of second-hand wheels for sale on the notice board, price £750!!
Cycle route news from Mark:
You don't get a cycle route for years, and then three come along at the same
. . . . . well, okay, Sustrans National Cycle Network (NCN) route 6 from
Lancaster to Keswick did reach Kendal a couple of years ago, but forget about
that, poetic licence and all that.
1 new-ish NCN route 68, Pennine Cycleway North (PCN). The Pennine
Cycleway runs from Derby to Berwick, and there is a connection from Kendal
to Appleby to pick up the PCN, continuing via Alston, Haltwistle, Bellingham
and Wooler to Berwick, 190 miles or so. It's quite hilly and undulating in
places, but with youth hostels conveniently spaced along the way (Dufton,
Alston, Once Brewed, Bellingham, Wooler) you can do it as fast or slow as
you wish. Train returns from Berwick via Edinburgh are frequent and fast,
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KDCS Newsletter June 2005
approx £30. Mostly on quiet roads there are sections through forests or on old
railway tracks, all suitable for road bikes. More web information on
2 brand new NCN Regional route 20, the W2W, Walney to Wear. 150
miles from Barrow, through Kendal, Kirkby Stephen, Barnard Castle and
Durham to meet the finishing point of the C2C at Sunderland's seashore. It
can therefore be a C2C „return‟ route, along with the Reivers route from
Newcastle to Carlisle through Kielder Forest. Information on accomodation etc
on the website www.cyclingw2w.info is sketchy as yet. Again the route is hilly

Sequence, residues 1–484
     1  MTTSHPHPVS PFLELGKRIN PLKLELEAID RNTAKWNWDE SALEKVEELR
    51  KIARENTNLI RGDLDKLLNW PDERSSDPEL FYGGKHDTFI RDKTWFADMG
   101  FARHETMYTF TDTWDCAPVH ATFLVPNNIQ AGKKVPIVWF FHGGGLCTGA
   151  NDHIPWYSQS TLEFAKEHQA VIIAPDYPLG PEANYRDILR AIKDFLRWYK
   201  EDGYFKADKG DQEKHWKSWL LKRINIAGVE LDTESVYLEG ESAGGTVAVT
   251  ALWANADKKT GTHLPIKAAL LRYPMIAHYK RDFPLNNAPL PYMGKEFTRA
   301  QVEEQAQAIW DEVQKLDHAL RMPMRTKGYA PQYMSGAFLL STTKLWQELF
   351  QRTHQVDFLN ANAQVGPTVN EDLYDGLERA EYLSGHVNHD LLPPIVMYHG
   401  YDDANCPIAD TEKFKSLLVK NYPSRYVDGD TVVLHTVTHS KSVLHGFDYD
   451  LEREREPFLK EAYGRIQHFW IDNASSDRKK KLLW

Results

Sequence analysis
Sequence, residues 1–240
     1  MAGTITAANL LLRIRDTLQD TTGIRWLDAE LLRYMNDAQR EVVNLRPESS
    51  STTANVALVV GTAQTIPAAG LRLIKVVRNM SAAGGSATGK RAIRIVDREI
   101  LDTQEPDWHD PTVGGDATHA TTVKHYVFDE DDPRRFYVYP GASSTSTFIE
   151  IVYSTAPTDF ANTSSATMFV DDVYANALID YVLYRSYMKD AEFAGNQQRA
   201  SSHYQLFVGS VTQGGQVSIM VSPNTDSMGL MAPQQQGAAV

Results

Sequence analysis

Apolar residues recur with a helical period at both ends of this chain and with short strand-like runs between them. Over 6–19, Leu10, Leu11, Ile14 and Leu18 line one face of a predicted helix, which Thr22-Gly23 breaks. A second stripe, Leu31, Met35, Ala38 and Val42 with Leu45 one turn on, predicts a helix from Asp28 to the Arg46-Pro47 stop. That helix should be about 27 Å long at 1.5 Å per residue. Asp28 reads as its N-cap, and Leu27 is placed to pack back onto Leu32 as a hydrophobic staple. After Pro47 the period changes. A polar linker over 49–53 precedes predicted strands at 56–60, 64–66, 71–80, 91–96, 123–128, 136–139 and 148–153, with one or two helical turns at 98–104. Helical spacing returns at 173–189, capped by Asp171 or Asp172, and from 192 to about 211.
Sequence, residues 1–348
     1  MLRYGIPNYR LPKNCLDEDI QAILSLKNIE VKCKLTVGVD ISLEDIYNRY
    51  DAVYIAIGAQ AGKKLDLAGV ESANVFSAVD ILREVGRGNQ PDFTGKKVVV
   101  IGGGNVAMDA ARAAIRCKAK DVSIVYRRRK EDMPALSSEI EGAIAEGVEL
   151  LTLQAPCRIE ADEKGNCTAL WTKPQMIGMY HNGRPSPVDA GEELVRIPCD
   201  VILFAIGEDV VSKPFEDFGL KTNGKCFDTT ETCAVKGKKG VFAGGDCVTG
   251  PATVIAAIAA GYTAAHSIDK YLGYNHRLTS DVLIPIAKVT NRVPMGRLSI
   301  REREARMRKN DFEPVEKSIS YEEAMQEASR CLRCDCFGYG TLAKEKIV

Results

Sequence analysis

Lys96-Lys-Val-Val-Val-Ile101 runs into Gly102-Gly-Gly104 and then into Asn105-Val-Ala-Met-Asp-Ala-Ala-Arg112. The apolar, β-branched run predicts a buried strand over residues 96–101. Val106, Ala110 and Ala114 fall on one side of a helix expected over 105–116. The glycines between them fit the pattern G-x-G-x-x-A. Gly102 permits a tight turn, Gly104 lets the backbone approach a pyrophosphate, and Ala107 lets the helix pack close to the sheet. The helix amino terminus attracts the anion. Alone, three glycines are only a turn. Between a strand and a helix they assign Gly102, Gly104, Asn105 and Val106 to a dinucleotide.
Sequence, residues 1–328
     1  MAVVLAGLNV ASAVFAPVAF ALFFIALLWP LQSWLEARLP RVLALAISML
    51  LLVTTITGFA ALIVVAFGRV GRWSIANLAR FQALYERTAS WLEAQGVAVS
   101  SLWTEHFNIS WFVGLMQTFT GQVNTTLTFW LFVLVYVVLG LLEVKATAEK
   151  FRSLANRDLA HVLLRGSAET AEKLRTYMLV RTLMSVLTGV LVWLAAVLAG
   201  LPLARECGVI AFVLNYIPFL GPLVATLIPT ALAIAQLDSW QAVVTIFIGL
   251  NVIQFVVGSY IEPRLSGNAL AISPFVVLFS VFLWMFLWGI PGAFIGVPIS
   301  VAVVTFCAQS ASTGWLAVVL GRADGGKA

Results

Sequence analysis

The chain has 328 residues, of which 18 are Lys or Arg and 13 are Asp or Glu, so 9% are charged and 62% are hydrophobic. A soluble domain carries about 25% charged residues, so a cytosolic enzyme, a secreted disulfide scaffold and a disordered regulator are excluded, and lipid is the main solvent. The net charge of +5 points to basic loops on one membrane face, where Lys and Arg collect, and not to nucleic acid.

beyond Kendal (it shares the same roads as route 68 for a while), and
Sustrans recommend four days to complete the route.
3 to open this summer . . . .Pennine Bridleway. Ok, it is not open, and it
does not pass through Kendal, but it should be a great off-road ride all
along the Pennines. The closest to us is along the Mallerstang valley
from the Moorcock Inn to Kirkby Stephen
Phil„s ‟Fred Whitton‟ experience
Nightriders conquer the Fred Whitton Lakes challenge.
This was it. The training was complete. We were as ready as we ever would
On Sunday the 8th of May, Simon and Phil rolled out of the car park of the
Coniston sports centre to begin a 114-mile scenic ride around the Lakes in the
fastest time that we could manage along with 400 other crazy cyclists.
"Quite a challenging ride" I hear you say, especially when we knew that we
had every Lakeland pass to climb over to get back to Coniston again!
We began ok, climbing over Kirkstone Pass in bright sunshine passing quite a
few cyclists that had started out before us. "Ha haa" we thought, the training
and lack of beer the night before must be paying off. That was until we were